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Christian Loyo of the Grossman lab and Sheena Vasquez of the Drennan lab, both graduate students in the Department of Biology, were recently selected to participate in The Poetry of Science. The project, founded by Joshua Sariñana PhD ’11, aims to advance racial justice at the intersection of science and art by bringing together Cambridge, Massachusetts-affiliated poets and scientists of color to create poems about scientific research. These poems will be on public display, along with the scientists’ portraits, at the Massachusetts General Hospital main lobby from Nov. 13 through…

Weighing cancer cells to personalize drug choices

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Researchers at MIT and Dana-Farber Cancer Institute have developed a new way to determine whether individual patients will respond to a specific cancer drug or not. This kind of test could help doctors to choose alternative therapies for patients who don’t respond to the therapies normally used to treat their cancer. The new technique, which involves removing tumor cells from patients, treating the cells with a drug, and then measuring changes in the cells’ mass, could be applied to a wide variety of cancers and drug treatments, says Scott Manalis,…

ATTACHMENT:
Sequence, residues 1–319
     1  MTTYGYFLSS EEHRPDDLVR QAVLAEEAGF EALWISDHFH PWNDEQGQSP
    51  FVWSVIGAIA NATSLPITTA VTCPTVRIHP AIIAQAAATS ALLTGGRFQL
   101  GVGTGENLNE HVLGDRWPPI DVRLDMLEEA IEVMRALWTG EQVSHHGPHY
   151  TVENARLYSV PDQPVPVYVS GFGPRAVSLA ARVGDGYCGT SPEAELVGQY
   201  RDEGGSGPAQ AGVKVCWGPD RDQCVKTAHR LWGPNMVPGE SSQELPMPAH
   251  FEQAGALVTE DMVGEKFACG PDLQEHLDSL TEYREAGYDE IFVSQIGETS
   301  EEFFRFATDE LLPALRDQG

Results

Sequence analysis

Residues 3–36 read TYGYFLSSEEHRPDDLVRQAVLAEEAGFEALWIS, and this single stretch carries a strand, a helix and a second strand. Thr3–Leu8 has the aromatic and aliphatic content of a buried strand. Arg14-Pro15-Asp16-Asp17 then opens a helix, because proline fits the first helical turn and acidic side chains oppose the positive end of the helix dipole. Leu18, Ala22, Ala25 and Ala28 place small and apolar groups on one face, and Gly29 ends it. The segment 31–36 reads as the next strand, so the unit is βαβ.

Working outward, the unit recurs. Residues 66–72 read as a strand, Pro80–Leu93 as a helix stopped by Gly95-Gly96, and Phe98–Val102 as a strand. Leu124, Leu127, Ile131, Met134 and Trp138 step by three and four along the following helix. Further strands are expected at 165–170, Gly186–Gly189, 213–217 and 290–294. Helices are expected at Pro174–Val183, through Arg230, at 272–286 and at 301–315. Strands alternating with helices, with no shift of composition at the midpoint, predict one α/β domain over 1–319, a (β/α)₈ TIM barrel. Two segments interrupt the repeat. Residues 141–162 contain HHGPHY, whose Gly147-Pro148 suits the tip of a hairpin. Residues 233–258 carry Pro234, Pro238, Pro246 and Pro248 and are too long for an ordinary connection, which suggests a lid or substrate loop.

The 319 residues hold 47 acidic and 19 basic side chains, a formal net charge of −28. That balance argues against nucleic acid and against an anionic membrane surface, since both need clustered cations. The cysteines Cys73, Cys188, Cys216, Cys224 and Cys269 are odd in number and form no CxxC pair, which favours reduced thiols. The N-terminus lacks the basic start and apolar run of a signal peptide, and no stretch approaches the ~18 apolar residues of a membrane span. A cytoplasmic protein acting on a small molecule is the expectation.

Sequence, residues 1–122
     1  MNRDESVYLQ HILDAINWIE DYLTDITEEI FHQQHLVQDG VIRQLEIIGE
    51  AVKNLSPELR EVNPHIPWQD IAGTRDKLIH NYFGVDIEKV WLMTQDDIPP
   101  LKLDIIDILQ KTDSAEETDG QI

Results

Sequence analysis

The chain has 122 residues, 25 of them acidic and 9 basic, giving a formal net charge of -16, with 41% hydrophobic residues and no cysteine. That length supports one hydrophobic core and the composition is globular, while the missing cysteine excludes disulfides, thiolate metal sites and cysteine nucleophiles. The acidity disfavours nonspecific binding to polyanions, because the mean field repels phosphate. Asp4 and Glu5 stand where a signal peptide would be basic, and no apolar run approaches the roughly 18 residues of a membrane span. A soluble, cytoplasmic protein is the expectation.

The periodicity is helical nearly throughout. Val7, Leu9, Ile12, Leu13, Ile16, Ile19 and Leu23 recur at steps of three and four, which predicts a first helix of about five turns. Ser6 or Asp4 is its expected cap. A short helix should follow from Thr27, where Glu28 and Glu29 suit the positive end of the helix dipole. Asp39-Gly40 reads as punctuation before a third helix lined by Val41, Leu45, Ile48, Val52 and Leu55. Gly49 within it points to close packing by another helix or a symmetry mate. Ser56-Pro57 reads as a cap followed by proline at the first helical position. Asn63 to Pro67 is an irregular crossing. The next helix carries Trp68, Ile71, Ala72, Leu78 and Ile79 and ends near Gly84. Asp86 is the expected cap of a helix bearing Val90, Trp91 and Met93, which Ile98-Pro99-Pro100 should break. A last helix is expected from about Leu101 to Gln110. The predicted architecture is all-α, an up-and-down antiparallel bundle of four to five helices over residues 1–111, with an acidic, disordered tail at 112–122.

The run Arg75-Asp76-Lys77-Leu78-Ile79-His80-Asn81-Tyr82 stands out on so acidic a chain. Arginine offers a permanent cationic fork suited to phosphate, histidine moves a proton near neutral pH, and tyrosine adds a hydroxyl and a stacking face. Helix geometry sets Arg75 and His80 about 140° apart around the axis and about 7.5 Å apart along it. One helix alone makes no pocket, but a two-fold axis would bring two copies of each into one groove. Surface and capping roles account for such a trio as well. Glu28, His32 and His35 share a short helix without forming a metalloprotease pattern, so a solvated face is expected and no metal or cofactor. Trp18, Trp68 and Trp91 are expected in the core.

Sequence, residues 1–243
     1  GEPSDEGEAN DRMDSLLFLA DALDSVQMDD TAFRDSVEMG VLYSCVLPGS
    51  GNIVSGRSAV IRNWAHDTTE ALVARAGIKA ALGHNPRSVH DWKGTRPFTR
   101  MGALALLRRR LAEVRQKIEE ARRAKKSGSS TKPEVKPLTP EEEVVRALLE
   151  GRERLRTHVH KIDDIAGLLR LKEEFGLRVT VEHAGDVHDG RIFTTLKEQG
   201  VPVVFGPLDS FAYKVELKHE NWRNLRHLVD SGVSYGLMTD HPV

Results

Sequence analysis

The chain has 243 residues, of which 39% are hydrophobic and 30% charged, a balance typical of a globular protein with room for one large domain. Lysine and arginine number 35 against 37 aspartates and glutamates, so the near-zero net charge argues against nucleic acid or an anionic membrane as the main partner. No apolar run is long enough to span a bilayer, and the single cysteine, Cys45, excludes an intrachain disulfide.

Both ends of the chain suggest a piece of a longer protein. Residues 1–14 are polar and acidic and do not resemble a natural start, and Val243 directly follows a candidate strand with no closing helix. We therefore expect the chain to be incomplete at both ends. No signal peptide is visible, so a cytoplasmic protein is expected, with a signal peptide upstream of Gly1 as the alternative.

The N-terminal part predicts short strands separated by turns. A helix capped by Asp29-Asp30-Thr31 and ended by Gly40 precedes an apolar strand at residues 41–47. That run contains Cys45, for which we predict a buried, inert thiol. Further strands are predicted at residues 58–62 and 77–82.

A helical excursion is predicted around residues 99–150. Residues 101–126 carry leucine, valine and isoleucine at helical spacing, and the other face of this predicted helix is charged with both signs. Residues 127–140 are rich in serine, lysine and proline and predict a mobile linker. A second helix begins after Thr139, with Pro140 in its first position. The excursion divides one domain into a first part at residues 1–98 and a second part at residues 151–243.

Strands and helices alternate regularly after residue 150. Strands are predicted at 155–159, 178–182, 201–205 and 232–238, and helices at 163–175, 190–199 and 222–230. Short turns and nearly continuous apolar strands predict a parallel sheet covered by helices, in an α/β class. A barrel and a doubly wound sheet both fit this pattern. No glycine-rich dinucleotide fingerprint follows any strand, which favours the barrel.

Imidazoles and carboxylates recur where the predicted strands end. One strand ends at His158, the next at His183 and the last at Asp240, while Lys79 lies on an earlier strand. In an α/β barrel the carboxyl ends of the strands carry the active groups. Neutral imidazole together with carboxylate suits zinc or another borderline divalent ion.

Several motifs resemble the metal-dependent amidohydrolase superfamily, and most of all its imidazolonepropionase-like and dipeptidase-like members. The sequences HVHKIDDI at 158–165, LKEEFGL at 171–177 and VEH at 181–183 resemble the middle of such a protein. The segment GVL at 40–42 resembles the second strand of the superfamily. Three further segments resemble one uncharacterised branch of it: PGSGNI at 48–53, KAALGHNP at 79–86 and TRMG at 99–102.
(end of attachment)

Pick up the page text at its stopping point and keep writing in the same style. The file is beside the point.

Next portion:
School of Engineering third quarter 2021 awards

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Faculty members recognized for excellence via a diverse array of honors, grants, and prizes. School of Engineering Publication Date: October 4, 2021 Caption: Eighteen members of the MIT engineering faculty received awards in recognition of their scholarship, service, and overall excellence in the past calendar quarter. Credits: Photo: Lillie Paquette/School of Engineering Members of the MIT engineering faculty receive many awards in recognition of their scholarship, service, and overall excellence. The School of Engineering periodically recognizes their achievements by highlighting the honors, prizes, and medals won by faculty working in…

Mathematicians solve an old geometry problem on equiangular lines

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Equiangular lines are lines in space that pass through a single point, and whose pairwise angles are all equal. Picture in 2D the three diagonals of a regular hexagon, and in 3D, the six lines connecting opposite vertices of a regular icosahedron (see the figure above). Mathematicians are not limited to three dimensions, however.  “In high dimensions, things really get interesting, and the possibilities can seem limitless,” says Yufei Zhao, assistant professor of mathematics. But they aren’t limitless, according to Zhao and his team of MIT mathematicians, who sought to…